One of my ‘bucket list’ visits has always been Bletchley Park, which was home to the codebreakers during WWII, and the inspiration behind films like The Imitation Game and Enigma.
Why so keen? Well, my Great Aunt worked there in the ‘Security of Allied Cypher’ department during the war. Sadly, she died in the 1970s while her work (and much of what happened at Bletchley) was still classified, so we know little more than that. Still, she sounded like an incredibly cool person!
It’s an amazing place, and they’ve done a great job transforming a previously top-secret location into a museum. It can’t have been an easy job, with so much destroyed after the war for security reasons! Luckily it strikes the right balance between being absolutely fascinating, and still feeling like a museum and not just a tourist attraction – there’s plenty to read for maths geniuses (which I am certainly not) but you won’t miss out if you don’t fully understand the minutiae of cyphers by the time you leave.
What to see at Bletchley Park
The exhibitions are spread across the grounds, so it’s even better enjoyed on a sunny day – then you can imagine all the young code breakers lounging by the lake on a rare break. Luckily there’s a visitor’s centre to ease you into the world of Bletchley, before you start exploring the Mansion, the famous codebreakers huts, and the main part of the museum.
In Block B, look out for the special exhibition on Alan Turing, and ‘the world’s most comprehensive collection of Enigma machines.’ In the Mansion, the ‘veterans stories’ exhibition is incredible for getting an inside look into what Bletchley must have been like when it was in full-swing during the war.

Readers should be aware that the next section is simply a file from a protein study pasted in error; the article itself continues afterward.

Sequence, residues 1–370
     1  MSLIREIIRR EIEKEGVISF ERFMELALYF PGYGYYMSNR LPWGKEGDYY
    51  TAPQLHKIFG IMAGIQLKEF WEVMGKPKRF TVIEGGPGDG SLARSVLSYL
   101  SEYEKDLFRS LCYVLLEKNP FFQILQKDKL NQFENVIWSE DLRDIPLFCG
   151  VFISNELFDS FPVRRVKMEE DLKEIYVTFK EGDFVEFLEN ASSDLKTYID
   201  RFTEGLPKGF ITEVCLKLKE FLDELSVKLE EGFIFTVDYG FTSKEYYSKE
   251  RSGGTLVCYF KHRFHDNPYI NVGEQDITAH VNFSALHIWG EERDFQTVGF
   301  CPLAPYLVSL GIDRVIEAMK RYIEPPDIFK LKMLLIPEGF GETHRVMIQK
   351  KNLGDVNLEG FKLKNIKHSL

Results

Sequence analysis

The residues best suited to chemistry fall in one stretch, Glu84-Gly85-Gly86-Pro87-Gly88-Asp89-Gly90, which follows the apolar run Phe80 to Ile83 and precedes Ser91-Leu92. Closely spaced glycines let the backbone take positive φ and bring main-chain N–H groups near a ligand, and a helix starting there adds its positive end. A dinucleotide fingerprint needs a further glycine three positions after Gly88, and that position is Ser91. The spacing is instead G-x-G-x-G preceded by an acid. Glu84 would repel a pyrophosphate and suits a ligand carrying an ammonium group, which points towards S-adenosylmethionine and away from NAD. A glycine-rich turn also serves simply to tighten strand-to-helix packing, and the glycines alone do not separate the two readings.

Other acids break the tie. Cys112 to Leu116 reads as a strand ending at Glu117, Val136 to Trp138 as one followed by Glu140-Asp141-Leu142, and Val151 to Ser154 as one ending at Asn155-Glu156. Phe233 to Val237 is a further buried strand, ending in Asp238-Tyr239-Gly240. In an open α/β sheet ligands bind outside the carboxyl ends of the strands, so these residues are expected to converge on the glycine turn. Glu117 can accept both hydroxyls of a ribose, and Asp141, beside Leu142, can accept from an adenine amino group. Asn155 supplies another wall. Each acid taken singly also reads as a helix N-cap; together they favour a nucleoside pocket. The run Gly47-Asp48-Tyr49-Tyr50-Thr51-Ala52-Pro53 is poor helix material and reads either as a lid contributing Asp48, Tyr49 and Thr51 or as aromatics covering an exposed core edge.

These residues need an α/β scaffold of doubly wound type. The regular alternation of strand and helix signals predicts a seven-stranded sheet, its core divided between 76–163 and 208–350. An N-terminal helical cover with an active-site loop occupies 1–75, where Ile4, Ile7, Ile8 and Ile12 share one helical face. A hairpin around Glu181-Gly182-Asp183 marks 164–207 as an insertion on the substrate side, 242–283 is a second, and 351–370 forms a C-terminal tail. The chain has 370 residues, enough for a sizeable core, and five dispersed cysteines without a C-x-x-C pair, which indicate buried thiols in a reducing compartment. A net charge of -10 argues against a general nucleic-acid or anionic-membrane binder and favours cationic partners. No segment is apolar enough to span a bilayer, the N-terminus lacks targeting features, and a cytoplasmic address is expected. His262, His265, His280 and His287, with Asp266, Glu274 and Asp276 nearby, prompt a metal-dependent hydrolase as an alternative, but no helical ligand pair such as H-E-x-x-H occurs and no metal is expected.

The huts are where most of the codebreakers themselves were based – in hut 11 you can experience what working with the ‘Bombe machines’ must have been like – Loud! It’s no wonder the women who worked on the machines dubbed it the “hell-hole”. Meanwhile in hut 8, interactive exhibitions show what the building, including Alan Turing’s office, would have looked like in WWII (including a mug chained to the radiator!)
Timing the visit
Obviously, there’s A LOT of information. It’s definitely a place to visit for the day, not just an hour – we went quite late in the afternoon and felt a bit rushed, so I’d like to go back sometime soon. I believe a single ticket can be validated to become an annual pass, so if you live closer you can visit time and again!
Top tip: Milton Keynes is not particularly renowned as a holiday destination (no offence intended), but we paired the visit with a stay in Oxford, which is just under an hour away – the perfect nerd’s holiday!
In case your wondering, we visited well before the pandemic. Ah the good old days!